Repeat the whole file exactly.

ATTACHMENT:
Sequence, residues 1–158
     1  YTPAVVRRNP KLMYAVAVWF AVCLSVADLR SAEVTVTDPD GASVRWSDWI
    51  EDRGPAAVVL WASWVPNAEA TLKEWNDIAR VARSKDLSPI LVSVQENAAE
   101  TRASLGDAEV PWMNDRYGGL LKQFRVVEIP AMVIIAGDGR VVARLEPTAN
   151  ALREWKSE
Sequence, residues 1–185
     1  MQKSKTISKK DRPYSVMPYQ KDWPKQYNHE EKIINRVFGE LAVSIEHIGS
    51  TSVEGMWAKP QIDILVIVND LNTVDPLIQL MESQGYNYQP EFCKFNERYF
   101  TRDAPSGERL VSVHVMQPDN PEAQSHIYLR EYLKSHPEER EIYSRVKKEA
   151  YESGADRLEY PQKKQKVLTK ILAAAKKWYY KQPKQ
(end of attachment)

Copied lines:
Sequence, residues 1–158
     1  YTPAVVRRNP KLMYAVAVWF AVCLSVADLR SAEVTVTDPD GASVRWSDWI
    51  EDRGPAAVVL WASWVPNAEA TLKEWNDIAR VARSKDLSPI LVSVQENAAE
   101  TRASLGDAEV PWMNDRYGGL LKQFRVVEIP AMVIIAGDGR VVARLEPTAN
   151  ALREWKSE
Sequence, residues 1–185
     1  MQKSKTISKK DRPYSVMPYQ KDWPKQYNHE EKIINRVFGE LAVSIEHIGS
    51  TSVEGMWAKP QIDILVIVND LNTVDPLIQL MESQGYNYQP EFCKFNERYF
   101  TRDAPSGERL VSVHVMQPDN PEAQSHIYLR EYLKSHPEER EIYSRVKKEA
   151  YESGADRLEY PQKKQKVLTK ILAAAKKWYY KQPKQ